While in New York last month, I was lucky enough to meet author and entrepreneur Chris Guillebeau through our mutual friend Megan. From our brief encounter I was enthralled by his story of traveling the world, writing books and – without wanting to sound like a big cliché- living the dream! Then, when I got home, I had an email from Chris saying how lovely it was so meet me and how great he thought my business was! Holy cow…
Hi Chris, thank you so much for taking time to speak to us today! Can you introduce yourself to my readers?
Thanks for having me! I’m a writer, traveler, and entrepreneur. I’m on a quest to visit every country in the world (185 down, 8 to go). I’m fortunate to spend most of my time working with fun people who connect through my blog and offline community.
I also drink a lot of coffee.
What an amazing and enviable job! Have you ever worked for someone else and was there a defining moment when you thought “That’s it! I’m done!”? Was being your own boss something you always wanted?
I’m a terrible employee, so much that I’m essentially unemployable. I’m just not very good at doing what I’m told or bringing my own motivation to someone else’s project. I walked out of my last job at age 20 (I’m 34 now) and never went back.
What is The Art of Non-Conformity? Who is it for and what’s the overriding message?
The central message of AONC is “You don’t have to live your life the way other people expect you to.” Our community includes all kinds of people from all ages and backgrounds. There are students, entrepreneurs, artists, travelers, and more. What unites us is an interest in doing unconventional, remarkable things.
Your ethos has gained quite the cult following. So much so that your first book, The Art of Non-Conformity sold over 50,000 copies in it’s first year! Can you tell us about writing it. How did it all come about?
I had returned to the U.S. from four years in West Africa. I started the AONC blog and began writing about my adventure to visit every country in the world. The readership grew, and I got serious about writing a book.
About a year after starting the blog, I had the contract and then I went to work on the writing process.
Do you have any tips or advice for someone who wants to write a book?
First, get specific about what you’re writing and for whom you’re writing. Then, get serious about recruiting a community of readers. If you can do those things early on, everything else will be much easier.
Did you always want to be a writer?
Yes, but I never did much about it until I was 28 or so. I did a lot of interesting things before that — always being self-employed, visiting 100 countries, working in West Africa, etc. But finally I was able to focus on writing as well, and it’s made my life a lot better. I now feel like I have a convergence point for all the other things I do.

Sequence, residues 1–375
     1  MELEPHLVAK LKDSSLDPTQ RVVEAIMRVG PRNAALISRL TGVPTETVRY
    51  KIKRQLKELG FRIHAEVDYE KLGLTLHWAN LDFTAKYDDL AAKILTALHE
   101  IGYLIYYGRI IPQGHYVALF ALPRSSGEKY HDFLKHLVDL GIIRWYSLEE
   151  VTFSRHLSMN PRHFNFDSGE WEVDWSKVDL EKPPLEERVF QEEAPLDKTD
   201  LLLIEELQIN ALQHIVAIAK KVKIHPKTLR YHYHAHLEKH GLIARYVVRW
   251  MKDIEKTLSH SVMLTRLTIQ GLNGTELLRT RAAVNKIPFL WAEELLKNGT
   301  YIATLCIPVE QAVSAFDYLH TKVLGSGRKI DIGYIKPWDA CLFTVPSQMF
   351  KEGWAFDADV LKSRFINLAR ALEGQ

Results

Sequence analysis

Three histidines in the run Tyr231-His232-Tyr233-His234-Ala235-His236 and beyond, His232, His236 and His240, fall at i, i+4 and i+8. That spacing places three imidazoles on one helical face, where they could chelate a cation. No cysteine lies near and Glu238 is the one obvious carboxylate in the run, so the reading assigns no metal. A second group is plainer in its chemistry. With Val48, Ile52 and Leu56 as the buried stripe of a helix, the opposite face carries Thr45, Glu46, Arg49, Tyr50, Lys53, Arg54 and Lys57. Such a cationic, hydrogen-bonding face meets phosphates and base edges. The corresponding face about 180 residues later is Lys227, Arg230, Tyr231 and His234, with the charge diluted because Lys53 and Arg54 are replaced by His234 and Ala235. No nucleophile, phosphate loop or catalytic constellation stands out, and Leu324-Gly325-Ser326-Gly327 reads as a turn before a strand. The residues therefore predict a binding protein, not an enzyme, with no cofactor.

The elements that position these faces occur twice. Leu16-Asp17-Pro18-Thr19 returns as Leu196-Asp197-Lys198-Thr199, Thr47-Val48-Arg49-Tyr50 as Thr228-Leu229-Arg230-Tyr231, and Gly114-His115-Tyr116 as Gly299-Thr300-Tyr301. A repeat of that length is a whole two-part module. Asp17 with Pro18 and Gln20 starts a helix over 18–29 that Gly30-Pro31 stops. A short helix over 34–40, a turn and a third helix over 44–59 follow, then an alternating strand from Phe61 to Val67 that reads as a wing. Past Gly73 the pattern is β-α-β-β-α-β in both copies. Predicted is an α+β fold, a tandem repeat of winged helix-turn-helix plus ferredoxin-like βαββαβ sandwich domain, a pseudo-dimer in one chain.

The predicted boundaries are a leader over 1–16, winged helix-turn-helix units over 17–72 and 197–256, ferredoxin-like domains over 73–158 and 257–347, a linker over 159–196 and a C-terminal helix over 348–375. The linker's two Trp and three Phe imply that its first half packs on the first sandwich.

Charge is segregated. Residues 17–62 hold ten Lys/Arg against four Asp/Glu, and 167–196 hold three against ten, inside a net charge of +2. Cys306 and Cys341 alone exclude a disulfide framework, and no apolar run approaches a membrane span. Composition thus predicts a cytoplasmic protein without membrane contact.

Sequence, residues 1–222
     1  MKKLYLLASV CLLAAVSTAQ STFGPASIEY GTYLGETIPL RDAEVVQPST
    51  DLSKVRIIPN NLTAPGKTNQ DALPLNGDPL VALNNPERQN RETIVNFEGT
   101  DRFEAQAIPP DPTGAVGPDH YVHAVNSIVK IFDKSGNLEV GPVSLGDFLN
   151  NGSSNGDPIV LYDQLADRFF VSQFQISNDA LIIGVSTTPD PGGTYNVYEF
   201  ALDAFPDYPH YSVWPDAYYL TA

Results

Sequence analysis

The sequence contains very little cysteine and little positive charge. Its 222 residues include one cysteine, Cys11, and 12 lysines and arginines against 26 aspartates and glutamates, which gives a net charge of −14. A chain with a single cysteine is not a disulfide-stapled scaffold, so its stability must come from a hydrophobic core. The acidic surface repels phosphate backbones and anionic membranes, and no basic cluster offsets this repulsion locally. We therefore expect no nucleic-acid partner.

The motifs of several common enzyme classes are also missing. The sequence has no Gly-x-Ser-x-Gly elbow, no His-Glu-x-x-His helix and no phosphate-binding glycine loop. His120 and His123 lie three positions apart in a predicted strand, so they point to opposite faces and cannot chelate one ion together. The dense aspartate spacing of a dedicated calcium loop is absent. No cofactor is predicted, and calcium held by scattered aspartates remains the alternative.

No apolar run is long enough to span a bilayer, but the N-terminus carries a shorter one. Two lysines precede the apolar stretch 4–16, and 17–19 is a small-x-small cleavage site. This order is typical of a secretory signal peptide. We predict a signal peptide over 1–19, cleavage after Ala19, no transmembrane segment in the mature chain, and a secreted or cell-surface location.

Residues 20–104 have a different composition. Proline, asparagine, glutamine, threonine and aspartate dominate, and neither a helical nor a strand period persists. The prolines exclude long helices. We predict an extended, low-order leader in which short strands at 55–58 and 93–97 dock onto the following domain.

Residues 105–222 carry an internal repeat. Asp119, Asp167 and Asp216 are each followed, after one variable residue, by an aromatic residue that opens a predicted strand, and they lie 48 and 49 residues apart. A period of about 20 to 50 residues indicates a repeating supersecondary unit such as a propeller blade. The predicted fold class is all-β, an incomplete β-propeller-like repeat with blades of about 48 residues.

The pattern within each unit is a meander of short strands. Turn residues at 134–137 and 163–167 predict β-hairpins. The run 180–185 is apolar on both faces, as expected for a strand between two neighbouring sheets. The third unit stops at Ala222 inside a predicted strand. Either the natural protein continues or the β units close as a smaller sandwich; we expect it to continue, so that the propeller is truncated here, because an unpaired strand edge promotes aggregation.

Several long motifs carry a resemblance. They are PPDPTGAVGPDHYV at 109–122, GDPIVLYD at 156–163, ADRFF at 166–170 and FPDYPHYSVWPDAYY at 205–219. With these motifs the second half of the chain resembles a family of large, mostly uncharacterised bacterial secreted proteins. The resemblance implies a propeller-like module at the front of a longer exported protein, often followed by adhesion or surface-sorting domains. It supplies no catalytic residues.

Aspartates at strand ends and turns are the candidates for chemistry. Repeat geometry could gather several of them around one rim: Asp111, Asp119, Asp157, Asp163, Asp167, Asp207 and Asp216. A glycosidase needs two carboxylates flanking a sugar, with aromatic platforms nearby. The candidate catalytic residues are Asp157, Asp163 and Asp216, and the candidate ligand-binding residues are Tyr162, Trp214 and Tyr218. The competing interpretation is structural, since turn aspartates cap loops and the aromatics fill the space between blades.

How has blogging helped your career?
I was blogging before any of the book deals. Blogging definitely helped with my publishing career, but that’s not all—it also helped me as a person. I used to be very shy and introverted. I’m still somewhat shy, but through my blog I learned to open up a little. Now I meet people whenever I travel, and I’m much the better for it.
Your second book, The $100 Start Up, was released a month ago. I love the message behind it (I stole this quote from your blog) “If you want to create more freedom and security for yourself through a small business, the skills and the money you have are all you need.”
Can you tell us about the book and elaborate on this idea?
I’ve often met people who are a lot like you — fun people who established a successful business based on their passion or skill, and without spending a lot of money or doing a lot of planning. I wanted to tell their stories so that other people would understand how they had done it. What were the mistakes and turning points?
Next, I wanted to take the stories and turn them into a blueprint — a clear action plan that others could follow. So far we have more than 40,000 copies out in the world, and I’m already hearing good stories of new microbusinesses in the first month of publication. (This makes me happy. I want everyone to be able to earn a good living by doing what they love.)
I saw via your twitter that you’ve just been in London. What have you been doing here?
I was here for the UK book launch of The $100 Startup! We had a great party in Shoreditch last Friday with about 250 of our group.
Would you change anything about the path your career has taken so far?
I wish I had started earlier. I like the old expression, “The best time to start was last year. Failing that, today will do.”
If you could go back and talk to yourself as a kid, what would you tell him?
You don’t have to be so afraid.
And finally, what’s next for you?
I’ll be on the road for a while, meeting readers and promoting The $100 Startup. Then I have 8 more countries to visit before I finish making it to all of them. After that, I hope to keep writing and traveling. This is what I love to do, and I’m thrilled I can do it every day.